The Certification Lounge


As Corey Quinn just wrote a few days ago
it's a $100 lounge pass with a very odd entrance questionnaire
If you have an AWS certification - go to the lounge - it is a place to get away from the other 49,000 others in the hallways and the constant buzz around you.

The Expo


Do not under any circumstances miss going to the Expo floor. To really make proper use of the floor - I would say you will need a good 6-8 hours of your schedule (don't do it one shot though). Go to the vendors, especially the smaller ones that don't have the huge booths. Look at your competition, speak to people, make yourself known. Yes you will be bombarded after the show with sales calls - but all it takes is a simple "Sorry not interested anymore" and most vendors will leave you be.


Social media


I don't think I could get by without following what is going on in Twitter.
I have a search column dedicated for re:Invent (already for the past month)

image

I will also be checking the og-aws Slack channel to co-ordinate snark about the announcements and on-goings at the event and also some face to face meetings with some of the people that I only have met through their avatars.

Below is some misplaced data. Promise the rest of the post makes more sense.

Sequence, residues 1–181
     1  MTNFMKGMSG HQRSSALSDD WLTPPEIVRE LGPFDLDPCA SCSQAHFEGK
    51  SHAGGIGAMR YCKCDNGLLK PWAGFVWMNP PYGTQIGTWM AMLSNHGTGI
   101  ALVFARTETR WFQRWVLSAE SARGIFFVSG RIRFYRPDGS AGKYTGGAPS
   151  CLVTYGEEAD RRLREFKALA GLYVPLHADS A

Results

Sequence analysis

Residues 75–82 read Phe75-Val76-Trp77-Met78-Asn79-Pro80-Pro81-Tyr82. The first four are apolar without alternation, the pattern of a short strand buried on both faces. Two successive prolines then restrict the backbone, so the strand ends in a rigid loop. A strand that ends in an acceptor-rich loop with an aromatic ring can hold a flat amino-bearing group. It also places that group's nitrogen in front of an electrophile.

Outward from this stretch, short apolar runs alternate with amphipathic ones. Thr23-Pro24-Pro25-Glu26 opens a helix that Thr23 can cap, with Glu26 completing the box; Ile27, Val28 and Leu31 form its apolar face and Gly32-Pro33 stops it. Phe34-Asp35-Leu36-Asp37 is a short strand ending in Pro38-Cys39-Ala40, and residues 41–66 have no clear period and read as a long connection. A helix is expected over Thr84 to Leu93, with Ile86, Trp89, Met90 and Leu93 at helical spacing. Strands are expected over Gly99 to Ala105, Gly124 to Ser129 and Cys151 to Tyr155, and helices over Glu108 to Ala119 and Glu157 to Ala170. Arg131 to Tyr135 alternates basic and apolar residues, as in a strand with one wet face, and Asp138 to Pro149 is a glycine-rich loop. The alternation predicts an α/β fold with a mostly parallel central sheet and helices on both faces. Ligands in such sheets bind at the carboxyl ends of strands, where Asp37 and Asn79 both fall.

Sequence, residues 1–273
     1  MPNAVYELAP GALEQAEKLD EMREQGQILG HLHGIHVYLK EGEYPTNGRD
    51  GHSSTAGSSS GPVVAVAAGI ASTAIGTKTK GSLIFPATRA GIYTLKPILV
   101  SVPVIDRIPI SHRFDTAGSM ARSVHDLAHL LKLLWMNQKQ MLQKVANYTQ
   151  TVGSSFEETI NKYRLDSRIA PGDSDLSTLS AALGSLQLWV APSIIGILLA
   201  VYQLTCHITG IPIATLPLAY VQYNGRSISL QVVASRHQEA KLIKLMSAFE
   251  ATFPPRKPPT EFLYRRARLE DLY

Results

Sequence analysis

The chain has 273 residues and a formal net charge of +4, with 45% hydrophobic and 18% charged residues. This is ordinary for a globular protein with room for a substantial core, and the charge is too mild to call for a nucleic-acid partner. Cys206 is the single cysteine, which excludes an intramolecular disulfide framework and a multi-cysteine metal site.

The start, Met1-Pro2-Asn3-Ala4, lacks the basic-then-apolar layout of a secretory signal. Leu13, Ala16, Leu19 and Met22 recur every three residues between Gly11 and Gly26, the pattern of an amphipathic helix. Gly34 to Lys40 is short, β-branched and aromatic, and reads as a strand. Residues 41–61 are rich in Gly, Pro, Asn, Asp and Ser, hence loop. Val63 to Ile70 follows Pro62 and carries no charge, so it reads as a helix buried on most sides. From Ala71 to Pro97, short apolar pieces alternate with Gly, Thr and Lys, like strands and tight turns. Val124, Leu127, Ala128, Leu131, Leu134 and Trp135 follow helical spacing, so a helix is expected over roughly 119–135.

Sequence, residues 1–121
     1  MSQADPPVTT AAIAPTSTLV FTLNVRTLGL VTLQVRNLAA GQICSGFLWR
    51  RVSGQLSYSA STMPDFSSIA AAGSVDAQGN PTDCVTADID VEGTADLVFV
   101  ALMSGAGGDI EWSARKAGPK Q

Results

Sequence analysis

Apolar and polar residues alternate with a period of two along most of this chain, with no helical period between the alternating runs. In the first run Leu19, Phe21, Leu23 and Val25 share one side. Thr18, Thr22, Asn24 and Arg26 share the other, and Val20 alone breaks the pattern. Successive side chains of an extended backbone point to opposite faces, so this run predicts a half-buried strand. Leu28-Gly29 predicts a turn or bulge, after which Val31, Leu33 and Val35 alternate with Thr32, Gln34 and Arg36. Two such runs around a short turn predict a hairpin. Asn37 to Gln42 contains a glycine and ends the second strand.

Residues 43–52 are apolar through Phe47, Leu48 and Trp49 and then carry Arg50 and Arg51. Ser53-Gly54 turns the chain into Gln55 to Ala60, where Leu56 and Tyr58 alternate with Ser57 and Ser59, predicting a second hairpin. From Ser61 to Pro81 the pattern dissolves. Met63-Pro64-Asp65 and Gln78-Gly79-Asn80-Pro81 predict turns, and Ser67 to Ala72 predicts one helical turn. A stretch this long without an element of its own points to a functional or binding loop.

(And as always the great set of posts at the Guide of Guides is invaluable.)

See you all in 2 weeks!

2018-11-08

Events as a Service (EaaS)

Most vendors that perceive themselves as a market leader will have a major annual event (some will even have multiple events in different geographical locations).

Here are few of these major events that come to mind:


And every year we come around to the registration and scheduling of sessions to these events, and they almost always suck... 

(I am going to use re:invent as the victim here - but I am sure that the experience is probably the same with most conferences) 

There are more than enough things that one could find wrong with the way things go at a conference - and I am not diminishing the problems one little bit.

I would like us all to view it in a different perspective.

The companies that hold these events - are tech companies. They are great at selling technology, great at creating some amazing technology. An of course they also have people that are in charge of events and marketing - but it is not their core business. 

I do not underestimate the impact a good event can have on your product - or how a bad event can damage a company's brand - that is why companies like these spend many millions of dollars on events like this. But again that is not what they are trying to sell,  they are not trying to sell an event. They are not event planners, this is something we seem to forget from time to time especially when things are not optimal (another polite way of saying that they suck).